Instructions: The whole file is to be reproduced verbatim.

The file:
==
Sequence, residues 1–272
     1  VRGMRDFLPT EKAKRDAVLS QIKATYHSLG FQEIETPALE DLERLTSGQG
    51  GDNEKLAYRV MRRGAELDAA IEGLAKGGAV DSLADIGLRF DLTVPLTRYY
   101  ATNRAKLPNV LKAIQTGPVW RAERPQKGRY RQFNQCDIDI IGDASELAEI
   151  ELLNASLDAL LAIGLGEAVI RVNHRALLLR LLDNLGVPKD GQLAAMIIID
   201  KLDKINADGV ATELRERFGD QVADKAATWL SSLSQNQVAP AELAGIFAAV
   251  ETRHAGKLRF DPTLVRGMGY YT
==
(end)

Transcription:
Sequence, residues 1–272
     1  VRGMRDFLPT EKAKRDAVLS QIKATYHSLG FQEIETPALE DLERLTSGQG
    51  GDNEKLAYRV MRRGAELDAA IEGLAKGGAV DSLADIGLRF DLTVPLTRYY
   101  ATNRAKLPNV LKAIQTGPVW RAERPQKGRY RQFNQCDIDI IGDASELAEI
   151  ELLNASLDAL LAIGLGEAVI RVNHRALLLR LLDNLGVPKD GQLAAMIIID
   201  KLDKINADGV ATELRERFGD QVADKAATWL SSLSQNQVAP AELAGIFAAV
   251  ETRHAGKLRF DPTLVRGMGY YT